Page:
Crawled News Article
Site: http://www.greencarcongress.com/

« City of Montreal signs a framework agreement for the purchase of Nissan LEAF EVs for municipal fleet | Main | Tesla unveils Model 3; delivery by end of 2017; already 115,000 reservations placed » A 20-kilowatt wireless charging system demonstrated at Department of Energy’s Oak Ridge National Laboratory has achieved 90 percent efficiency and at three times the rate of the plug-in systems commonly used for electric vehicles today. ORNL’s power electronics team achieved this world’s first 20 kW wireless charging system for passenger cars by developing a unique architecture that included an ORNL-built inverter, isolation transformer, vehicle-side electronics and coupling technologies—all in less than three years. For the demonstration, researchers integrated the single-converter system into an electric Toyota RAV4 equipped with an additional 10 kWh battery. Convenience and simplicity are at the heart of the ORNL system, which places a strong emphasis on radio communications in the power regulation feedback channel augmented by software control algorithms. The result is minimization of vehicle on-board complexity as ORNL and partners pursue the long-range goal of connected vehicles, wireless communications and in-motion charging. While the team’s initial focus has been static, or motionless, wireless charging, the researchers also evaluated and demonstrated the system’s dynamic charging capabilities. This ability can help accelerate the adoption and convenience of electric vehicles. Industry partners from Toyota, Cisco Systems, Evatran, and Clemson University International Center for Automotive Research contributed to the technology development demonstrated today at ORNL. The researchers are already looking ahead to their next target of 50-kilowatt wireless charging, which would match the power levels of commercially available plug-in quick chargers. Providing the same speed with the convenience of wireless charging could increase consumer acceptance of electric vehicles and is considered a key enabler for hands-free, autonomous vehicles. Higher power levels are also essential for powering larger vehicles such as trucks and buses. As the researchers advance their system to higher power levels, one of their chief considerations is safety. Energy Efficiency and Renewable Energy’s Vehicle Technologies Office provided funding for this competitively-selected project as part of a broad portfolio in support of DOE’s EV Everywhere Grand Challenge, which aims to make plug-in electric vehicles as affordable to own and operate as today’s gasoline-powered vehicles by 2022. Toyota provided several vehicles for the research, including RAV4s, a Scion and a Plug-in Prius. Other members of the ORNL project team are current staff members Steven Campbell, Paul Chambon, Omer Onar, Burak Ozpineci, Larry Seiber, Lixin Tang, Cliff White and Randy Wiles as well as retired staff members Curt Ayers, Chester Coomer and John Miller. The research and demonstration took place at ORNL’s National Transportation Research Center, a DOE User Facility.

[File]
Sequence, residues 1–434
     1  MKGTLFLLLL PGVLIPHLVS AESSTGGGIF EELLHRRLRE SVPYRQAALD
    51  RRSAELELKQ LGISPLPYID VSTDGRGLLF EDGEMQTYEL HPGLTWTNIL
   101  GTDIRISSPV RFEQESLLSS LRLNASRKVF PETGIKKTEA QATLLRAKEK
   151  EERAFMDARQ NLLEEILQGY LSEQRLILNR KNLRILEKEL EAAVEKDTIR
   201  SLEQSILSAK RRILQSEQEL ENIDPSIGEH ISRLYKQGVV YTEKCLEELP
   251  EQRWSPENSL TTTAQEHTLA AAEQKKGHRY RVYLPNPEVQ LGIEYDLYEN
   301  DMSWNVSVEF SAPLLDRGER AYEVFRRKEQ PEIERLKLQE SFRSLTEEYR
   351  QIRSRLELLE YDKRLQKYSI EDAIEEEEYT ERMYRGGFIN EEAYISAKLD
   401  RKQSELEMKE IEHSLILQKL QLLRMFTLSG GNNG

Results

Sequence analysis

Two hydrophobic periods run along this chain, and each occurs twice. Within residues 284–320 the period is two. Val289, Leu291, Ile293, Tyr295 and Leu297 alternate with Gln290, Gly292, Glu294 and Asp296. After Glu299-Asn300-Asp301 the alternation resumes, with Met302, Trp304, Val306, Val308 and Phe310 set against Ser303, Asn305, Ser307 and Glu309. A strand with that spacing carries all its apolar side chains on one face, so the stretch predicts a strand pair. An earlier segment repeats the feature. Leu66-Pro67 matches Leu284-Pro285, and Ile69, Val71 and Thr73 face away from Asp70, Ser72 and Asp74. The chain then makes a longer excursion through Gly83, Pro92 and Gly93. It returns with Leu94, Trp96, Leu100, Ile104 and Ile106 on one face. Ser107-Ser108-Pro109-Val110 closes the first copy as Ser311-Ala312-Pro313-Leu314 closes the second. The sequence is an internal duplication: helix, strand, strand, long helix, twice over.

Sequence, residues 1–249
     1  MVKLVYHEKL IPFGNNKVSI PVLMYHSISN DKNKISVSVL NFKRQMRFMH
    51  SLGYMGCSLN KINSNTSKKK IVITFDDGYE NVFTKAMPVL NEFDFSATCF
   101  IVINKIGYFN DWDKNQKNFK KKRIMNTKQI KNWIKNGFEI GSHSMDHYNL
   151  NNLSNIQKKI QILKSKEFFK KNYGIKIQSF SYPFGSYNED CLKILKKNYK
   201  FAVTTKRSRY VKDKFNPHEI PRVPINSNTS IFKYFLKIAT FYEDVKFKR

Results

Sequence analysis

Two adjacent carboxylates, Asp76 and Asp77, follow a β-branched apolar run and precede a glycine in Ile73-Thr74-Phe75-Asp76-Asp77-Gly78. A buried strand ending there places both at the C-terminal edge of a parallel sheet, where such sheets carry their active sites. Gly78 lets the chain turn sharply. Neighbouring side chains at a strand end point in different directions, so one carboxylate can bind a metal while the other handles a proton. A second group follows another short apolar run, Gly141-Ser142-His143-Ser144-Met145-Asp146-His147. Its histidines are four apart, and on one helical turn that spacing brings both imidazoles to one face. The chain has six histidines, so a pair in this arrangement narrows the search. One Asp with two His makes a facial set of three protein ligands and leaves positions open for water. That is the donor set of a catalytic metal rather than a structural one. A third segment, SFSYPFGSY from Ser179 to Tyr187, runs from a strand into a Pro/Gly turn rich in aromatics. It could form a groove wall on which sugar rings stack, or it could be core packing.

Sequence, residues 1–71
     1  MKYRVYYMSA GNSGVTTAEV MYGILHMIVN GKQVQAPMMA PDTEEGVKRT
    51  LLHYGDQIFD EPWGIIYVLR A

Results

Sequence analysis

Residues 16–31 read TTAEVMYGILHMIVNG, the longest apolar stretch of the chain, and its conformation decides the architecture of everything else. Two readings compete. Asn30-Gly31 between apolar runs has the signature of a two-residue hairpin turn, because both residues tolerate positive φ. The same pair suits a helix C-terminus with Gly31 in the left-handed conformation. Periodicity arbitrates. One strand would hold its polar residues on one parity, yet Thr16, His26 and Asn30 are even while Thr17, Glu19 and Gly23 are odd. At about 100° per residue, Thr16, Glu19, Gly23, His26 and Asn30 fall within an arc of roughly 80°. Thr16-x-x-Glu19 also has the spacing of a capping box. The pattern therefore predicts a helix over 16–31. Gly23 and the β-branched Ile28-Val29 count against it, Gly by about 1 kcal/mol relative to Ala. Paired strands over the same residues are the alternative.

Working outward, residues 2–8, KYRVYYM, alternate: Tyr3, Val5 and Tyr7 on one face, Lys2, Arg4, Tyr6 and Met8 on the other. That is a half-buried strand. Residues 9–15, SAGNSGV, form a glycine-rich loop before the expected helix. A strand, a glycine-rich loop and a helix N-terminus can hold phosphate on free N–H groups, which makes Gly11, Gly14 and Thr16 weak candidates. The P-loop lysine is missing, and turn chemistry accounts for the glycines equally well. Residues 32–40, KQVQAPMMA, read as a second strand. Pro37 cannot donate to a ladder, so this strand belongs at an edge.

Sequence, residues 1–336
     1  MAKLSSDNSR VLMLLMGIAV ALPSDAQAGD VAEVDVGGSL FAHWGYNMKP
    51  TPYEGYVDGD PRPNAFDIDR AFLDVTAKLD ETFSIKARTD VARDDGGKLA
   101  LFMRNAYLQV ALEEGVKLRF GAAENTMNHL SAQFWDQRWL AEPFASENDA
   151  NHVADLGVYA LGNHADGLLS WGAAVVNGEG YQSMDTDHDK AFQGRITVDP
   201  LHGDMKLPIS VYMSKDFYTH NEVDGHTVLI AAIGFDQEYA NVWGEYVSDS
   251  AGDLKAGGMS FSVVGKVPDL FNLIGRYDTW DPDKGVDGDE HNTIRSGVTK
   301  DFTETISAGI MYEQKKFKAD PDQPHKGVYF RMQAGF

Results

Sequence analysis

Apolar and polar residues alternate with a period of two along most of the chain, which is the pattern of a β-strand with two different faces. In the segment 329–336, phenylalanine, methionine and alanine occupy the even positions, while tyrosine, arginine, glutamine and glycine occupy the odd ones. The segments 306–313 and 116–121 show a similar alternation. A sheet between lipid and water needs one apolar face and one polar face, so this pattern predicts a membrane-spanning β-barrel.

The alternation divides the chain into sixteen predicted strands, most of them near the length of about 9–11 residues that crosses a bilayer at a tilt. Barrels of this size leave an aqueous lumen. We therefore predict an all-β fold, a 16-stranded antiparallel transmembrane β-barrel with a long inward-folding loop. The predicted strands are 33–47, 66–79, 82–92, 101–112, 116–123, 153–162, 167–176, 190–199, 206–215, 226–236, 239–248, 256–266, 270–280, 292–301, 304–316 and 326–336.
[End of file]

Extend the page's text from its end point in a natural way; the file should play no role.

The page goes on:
Crawled News Article
Site: http://cleantechnica.com

Toyota and Clemson University recently unveiled a new all-electric concept car — dubbed the “uBox” — at the 2016 SAE World Congress, according to reports. The new electric vehicle concept was designed and handbuilt by graduate students at Clemson University’s International Center for Automotive Research — following a 2-year tour with Toyota Motor North America engineers and designers. The uBox concept — which resulted from a Clemson University and Toyota collaboration (dubbed Deep Orange) — is designed around the featured compact, dual-purpose, all-electric powertrain. The Toyota Executive Program Manager, Craig Payne, commented on the unique pultrusion technique utilized by the students (allowing composite carbon fiber rails bonded with aluminum to support a curved glass roof): “The roof pultrusion was something unexpected and very interesting when they first started talking about the concept. The fact that they were able to achieve an industry-first manufacturing technique as students speaks volumes for this program.” Toyota provides further information on the uBox: * A bold, youthful and distinctive exterior design that aligns with generation Z’s personality trait to stand out, embodying a muscular stance that looks like it’s sprung forward in motion, even when standing still. * A versatile interior that can be rearranged for various activities, from working or operating a business, to hauling bulky cargo. A low floor allows for reconfigurable, removable seats on sliding tracks that can be nested. * Vents, dashboard display bezels and door trim that can be personalized and made with 3-D printing technology, and an online community for owners where they can share design ideas.   Drive an electric car? Complete one of our short surveys for our next electric car report.   Keep up to date with all the hottest cleantech news by subscribing to our (free) cleantech newsletter, or keep an eye on sector-specific news by getting our (also free) solar energy newsletter, electric vehicle newsletter, or wind energy newsletter.